Eyeing $12B Market, Clinical Data Raises $50M to Develop Lead Drug and Pipeline
Hungry for cash to advance its lead depression drug to the market, Newton, MA-based biotech firm Clinical Data (NASDAQ:CLDA) has raised $50 million in a convertible debt financing. The funding came from investment affiliates of Clinical Data’s chairman, Randal Kirk, according to the company.
Clinical Data says that the new funding will support the firm this year as it wraps up its second late-stage clinical trial of its depression drug, vilazodone, and its planned application for FDA approval of the treatment. The cash will also be spent on a late-stage trial for apadenoson (Stedivaze), which is being developed as an imaging agent to diagnose cardiac stress.
The new capital isn’t likely to sit in the bank very long. Clinical Data, in its most recent reported fiscal quarter ending December 31, 2008, said its expenses for the last three months of the year totaled $26.5 million. At that rate, this new $50 million would last less than six months. Indeed, the company reports that the expense of its current clinical trial for vilazodone was a major factor behind its $15.5 million research and development budget for that quarter, a 99 percent jump from the $7.7 million it spent on R&D in the same period in 2007.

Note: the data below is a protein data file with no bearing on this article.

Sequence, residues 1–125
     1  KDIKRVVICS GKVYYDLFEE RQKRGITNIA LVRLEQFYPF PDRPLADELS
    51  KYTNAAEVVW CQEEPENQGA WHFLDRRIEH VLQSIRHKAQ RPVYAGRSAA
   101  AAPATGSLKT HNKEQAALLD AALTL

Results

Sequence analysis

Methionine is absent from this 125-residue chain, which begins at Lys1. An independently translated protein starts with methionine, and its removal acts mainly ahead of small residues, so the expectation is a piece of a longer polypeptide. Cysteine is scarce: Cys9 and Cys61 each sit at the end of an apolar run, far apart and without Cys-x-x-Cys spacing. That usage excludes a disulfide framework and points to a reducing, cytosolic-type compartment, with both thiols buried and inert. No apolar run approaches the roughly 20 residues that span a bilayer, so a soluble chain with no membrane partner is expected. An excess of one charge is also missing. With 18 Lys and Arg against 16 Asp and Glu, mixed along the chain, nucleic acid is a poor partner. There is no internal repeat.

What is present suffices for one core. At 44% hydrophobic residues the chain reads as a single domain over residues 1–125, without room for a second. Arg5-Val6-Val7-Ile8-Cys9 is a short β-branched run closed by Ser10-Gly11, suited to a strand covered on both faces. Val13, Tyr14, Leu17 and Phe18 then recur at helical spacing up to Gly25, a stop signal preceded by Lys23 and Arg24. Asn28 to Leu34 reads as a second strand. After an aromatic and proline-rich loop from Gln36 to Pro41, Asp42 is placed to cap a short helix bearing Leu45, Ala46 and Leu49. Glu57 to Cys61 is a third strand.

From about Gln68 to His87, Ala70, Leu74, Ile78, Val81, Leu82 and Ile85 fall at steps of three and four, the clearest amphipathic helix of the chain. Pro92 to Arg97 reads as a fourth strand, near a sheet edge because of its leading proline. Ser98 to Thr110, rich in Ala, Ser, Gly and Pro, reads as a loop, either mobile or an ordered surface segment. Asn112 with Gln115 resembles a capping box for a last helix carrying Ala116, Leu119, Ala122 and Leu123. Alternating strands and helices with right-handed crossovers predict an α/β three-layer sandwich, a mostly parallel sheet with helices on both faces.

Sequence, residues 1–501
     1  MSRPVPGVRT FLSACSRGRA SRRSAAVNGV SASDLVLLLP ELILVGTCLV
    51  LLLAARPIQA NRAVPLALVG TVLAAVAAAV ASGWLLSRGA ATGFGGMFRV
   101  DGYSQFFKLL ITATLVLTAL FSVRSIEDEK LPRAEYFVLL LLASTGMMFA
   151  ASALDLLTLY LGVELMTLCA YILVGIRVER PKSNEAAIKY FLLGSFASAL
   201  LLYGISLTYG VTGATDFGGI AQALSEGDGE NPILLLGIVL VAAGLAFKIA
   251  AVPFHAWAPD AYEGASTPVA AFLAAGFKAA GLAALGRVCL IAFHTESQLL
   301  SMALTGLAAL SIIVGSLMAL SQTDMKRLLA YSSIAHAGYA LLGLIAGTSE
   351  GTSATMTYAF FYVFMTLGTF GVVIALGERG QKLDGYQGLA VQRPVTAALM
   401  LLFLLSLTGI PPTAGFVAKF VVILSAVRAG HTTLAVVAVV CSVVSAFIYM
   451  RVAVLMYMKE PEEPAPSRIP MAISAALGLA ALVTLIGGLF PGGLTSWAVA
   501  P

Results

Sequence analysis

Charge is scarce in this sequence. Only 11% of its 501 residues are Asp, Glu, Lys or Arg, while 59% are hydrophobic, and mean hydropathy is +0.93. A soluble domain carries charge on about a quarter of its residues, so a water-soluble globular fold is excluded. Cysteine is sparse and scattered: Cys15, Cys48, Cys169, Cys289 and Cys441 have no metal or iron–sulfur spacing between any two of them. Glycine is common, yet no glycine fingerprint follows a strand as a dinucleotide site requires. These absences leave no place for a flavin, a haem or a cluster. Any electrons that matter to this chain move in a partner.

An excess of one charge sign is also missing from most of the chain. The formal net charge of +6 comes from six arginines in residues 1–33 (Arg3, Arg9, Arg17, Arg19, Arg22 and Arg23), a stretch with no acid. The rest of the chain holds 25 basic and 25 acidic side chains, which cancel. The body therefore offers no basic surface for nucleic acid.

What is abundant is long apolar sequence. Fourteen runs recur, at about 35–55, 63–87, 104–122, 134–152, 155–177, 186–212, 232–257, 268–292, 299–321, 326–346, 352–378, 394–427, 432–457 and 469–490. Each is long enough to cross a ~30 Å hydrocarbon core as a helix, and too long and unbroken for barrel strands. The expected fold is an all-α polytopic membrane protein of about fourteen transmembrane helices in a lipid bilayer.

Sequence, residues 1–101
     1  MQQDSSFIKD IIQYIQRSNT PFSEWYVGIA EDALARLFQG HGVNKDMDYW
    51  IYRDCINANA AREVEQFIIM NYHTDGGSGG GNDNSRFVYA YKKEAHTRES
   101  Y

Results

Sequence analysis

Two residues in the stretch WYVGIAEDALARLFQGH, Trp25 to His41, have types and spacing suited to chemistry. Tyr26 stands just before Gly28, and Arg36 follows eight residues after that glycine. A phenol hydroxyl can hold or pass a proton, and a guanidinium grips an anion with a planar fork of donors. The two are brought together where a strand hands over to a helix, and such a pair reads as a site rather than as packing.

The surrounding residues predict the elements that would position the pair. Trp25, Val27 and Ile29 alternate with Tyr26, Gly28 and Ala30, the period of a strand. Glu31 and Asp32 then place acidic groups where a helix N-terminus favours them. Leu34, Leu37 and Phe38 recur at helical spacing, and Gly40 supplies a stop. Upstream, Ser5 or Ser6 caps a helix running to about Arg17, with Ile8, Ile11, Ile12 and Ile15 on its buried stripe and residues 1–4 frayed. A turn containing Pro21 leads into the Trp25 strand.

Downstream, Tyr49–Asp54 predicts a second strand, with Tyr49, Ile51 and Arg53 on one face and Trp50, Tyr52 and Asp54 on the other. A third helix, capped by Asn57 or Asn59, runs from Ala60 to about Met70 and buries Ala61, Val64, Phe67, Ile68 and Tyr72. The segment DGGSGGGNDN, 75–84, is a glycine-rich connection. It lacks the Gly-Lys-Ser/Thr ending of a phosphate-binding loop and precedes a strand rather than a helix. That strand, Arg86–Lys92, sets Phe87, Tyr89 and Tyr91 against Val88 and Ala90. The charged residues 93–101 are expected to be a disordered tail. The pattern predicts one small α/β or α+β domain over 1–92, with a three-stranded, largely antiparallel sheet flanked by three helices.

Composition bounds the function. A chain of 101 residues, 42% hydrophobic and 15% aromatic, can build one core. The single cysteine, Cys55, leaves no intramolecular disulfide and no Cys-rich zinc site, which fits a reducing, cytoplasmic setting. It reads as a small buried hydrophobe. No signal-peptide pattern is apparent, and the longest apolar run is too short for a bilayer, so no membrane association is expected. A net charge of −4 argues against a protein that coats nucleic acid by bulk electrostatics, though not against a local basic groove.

“These late-stage drug candidates address large, rapidly growing markets where new and clearly differentiated products are needed,” says Clinical Data CEO Drew Fromkin, in a statement. “We are devoting the majority of our resources toward realizing their full commercial potential.
The payoff of all this spending could be huge if vilazodone garners FDA approval, as the annual market for antidepressants is a whopping $12 billion, according to Clinical Data. The firm, which expects to report results of the latest vilazodone study in the first half of 2009, says that it if all goes well with the trial it plans to apply for FDA approval of the drug by the end of the year. The company also says that a genetic test could be used to show physicians whether a patient is likely to respond to the drug.